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Focus is on HP, noise at idle and low loads, but this should be achieved at the same time. Diesel knock comes from the sudden explosion at the begining of the burn. This happens because fuel is injected to soon and won't burn immediatly, when it does a large ammount explodes, but if you inject later on, it will start burning faster and won't cause so much spike in the cylinder pressure, making less diesel noise.

I think idealy the burn should start after TDC, but how close can it actualy get from ideal conditions?
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I produced spreadsheets using the soi, pressure and duration tables to determine eoi point and assumed that ignition of the fuel would be effectively instantaneous. I adjusted soi values to get an eoi point of around 5 deg atdc as high up the rev range as I could although I could not achieve that even with 30 deg btdc at 4000+ at max fueling due to my duration lengths. I found the torque went up noticeably over the earlier soi I had before but the power high up was not significantly affected.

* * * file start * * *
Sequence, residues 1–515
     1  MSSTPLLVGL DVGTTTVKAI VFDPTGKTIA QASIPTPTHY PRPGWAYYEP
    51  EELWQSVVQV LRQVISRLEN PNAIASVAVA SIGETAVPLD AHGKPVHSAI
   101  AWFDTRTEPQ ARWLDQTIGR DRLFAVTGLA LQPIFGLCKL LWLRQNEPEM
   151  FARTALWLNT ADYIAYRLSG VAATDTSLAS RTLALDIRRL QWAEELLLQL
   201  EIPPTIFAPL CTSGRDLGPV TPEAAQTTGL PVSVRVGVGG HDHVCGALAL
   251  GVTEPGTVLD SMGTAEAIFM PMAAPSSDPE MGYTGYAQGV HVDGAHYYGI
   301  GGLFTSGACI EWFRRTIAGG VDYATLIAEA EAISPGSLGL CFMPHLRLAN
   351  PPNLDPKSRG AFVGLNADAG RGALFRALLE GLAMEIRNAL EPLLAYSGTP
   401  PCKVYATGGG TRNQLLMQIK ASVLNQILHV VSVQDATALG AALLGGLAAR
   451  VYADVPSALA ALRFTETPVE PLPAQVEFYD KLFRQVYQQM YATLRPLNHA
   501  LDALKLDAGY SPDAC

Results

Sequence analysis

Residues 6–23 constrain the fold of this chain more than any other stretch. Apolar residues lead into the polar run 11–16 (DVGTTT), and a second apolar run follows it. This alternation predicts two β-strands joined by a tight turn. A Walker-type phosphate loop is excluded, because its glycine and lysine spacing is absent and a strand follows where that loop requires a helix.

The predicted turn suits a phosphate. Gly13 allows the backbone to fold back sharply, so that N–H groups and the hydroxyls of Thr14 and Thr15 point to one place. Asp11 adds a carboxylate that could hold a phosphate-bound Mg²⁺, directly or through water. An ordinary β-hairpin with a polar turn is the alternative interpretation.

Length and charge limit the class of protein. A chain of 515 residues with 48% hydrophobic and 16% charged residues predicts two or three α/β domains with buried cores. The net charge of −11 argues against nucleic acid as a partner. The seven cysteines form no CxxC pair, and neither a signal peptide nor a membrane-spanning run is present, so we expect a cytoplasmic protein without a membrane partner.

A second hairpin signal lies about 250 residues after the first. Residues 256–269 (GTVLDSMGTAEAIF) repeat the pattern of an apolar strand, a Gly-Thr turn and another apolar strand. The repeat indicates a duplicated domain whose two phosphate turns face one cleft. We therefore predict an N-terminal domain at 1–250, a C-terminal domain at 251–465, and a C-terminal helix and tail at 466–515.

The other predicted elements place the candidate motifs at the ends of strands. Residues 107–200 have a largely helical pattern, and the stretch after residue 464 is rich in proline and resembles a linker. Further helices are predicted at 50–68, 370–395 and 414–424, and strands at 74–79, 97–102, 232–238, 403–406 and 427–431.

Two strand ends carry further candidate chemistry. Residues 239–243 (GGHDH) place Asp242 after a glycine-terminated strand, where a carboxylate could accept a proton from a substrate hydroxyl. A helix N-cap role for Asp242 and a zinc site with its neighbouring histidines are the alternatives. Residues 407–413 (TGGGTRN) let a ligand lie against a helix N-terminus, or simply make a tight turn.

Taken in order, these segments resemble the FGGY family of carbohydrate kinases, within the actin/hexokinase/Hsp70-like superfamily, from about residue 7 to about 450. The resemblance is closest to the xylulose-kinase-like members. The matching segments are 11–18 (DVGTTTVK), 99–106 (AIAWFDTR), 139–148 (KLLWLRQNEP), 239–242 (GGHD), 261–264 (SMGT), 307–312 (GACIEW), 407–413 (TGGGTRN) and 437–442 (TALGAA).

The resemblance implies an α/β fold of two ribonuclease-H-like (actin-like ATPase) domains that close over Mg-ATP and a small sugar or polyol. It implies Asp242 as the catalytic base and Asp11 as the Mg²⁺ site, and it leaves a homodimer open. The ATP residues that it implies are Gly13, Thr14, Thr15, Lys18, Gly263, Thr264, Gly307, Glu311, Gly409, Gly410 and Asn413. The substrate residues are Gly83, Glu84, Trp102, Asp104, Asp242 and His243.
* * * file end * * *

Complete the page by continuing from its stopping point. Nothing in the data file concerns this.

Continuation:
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Old 24-01-14
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lets look at it another way...

diesels can't go much beyond 6000 RPM efficiently because the fuel burns too slowly, this should give you a clue of how long it takes to burn the mixture. Petrols can go to 20.000 rpm for race engines.

At 20.000 RPM, 1 Revolution takes 0.003 seconds, half a revolution 0.0015 seconds so it's safe to assume the burn can complete in that time.

for a diesel 0.01 seconds seems to be about the limit, so try with ending the injection in your model at least 10 milliseconds before the exhaust valves open
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Old 25-01-14
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Quote:
Originally Posted by Cuore_Sportivo_155 View Post
lets look at it another way...

diesels can't go much beyond 6000 RPM efficiently because the fuel burns too slowly, this should give you a clue of how long it takes to burn the mixture. Petrols can go to 20.000 rpm for race engines.

At 20.000 RPM, 1 Revolution takes 0.003 seconds, half a revolution 0.0015 seconds so it's safe to assume the burn can complete in that time.